Despite some problems toward the close, the back nine is also outstanding and the stretch from the 10th to 15th is as strong as anything else in Ireland outside the opening holes here. Both the 10th and 14th are excellent par threes that demand shots with different shapes while the 11th is a nasty four with a daring drive across the steepest hill on the course. The reachable par five 12th is another beautiful hole and followed by a brilliant par four through thick roughs, the approach crossing a gorse covered sand ridge into a partially obscured green with just the yawning left side traps visible and catching those unable to throw the ball into the more open, but hidden, right side. The finishing trio, however, is strangely anti-climactic. The 17th is a very odd hole while the bunkering on Donald Steele’s new 16th is a little out of context with the rest of the layout. The 18th has also been reworked by Steele but, despite being an improvement, it cannot mask the fact that this course really is a tale of two sides, one excellent and the other extraordinary.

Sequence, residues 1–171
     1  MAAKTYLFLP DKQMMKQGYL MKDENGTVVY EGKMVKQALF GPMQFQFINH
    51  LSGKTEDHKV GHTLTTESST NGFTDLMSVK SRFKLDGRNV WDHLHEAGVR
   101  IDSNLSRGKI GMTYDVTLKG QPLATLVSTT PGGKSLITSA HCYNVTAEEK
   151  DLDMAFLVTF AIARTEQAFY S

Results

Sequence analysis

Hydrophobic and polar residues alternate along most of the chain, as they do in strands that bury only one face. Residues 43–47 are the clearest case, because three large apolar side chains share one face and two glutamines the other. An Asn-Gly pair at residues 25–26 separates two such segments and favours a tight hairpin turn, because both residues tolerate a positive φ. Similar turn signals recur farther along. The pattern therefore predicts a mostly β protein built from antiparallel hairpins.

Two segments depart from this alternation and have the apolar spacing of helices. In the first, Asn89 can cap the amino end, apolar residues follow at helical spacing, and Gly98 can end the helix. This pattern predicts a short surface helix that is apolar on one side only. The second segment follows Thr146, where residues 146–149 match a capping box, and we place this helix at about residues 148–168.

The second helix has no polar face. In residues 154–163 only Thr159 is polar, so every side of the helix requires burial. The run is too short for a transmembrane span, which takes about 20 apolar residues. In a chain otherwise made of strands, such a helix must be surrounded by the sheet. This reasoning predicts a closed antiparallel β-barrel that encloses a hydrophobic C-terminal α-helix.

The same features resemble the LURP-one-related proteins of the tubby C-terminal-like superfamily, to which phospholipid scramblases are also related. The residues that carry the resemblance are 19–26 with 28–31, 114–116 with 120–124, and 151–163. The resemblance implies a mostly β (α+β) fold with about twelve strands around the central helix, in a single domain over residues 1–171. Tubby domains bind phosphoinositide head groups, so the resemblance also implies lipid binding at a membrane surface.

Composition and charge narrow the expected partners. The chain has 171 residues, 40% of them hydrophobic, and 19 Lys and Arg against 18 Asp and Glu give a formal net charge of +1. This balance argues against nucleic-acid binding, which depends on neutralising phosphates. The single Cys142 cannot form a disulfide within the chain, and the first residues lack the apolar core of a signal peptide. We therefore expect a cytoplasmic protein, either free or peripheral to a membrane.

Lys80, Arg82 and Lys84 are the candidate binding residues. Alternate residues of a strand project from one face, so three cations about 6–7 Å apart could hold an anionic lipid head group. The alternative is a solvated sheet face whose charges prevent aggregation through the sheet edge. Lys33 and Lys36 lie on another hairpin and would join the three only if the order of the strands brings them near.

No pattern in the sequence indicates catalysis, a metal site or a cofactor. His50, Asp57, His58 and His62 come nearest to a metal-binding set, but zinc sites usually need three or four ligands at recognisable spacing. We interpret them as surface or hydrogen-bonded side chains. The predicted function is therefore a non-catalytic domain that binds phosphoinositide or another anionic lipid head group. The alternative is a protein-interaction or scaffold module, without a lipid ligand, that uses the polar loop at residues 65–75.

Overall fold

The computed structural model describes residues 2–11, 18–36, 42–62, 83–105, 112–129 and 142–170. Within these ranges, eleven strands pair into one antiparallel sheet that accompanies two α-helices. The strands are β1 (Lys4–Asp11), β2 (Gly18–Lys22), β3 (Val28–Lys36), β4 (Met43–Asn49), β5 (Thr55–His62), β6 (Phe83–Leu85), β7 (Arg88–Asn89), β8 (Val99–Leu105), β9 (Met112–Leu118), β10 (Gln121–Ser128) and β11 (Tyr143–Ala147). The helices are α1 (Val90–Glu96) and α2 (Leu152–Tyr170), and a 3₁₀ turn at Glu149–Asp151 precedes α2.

There is no finer links than Royal County Down and despite one’s best efforts, it would be nigh on impossible to accurately describe the pleasure of playing here, suffice to say that once experienced it will duly leave you with an enhanced sense of golfing perfection. If you had just one round of golf left to play, it would be hard to mount an argument against that being at County Down.
Any course that lists both Old Tom Morris and Harry Colt among its design credits is a venue of heritage significance, Royal County Down especially important for the quality of its duneland and the brilliant design of the outward holes. The club has also hosted some important Amateur championships, including the 2007 Walker Cup between Great Britain and the United States.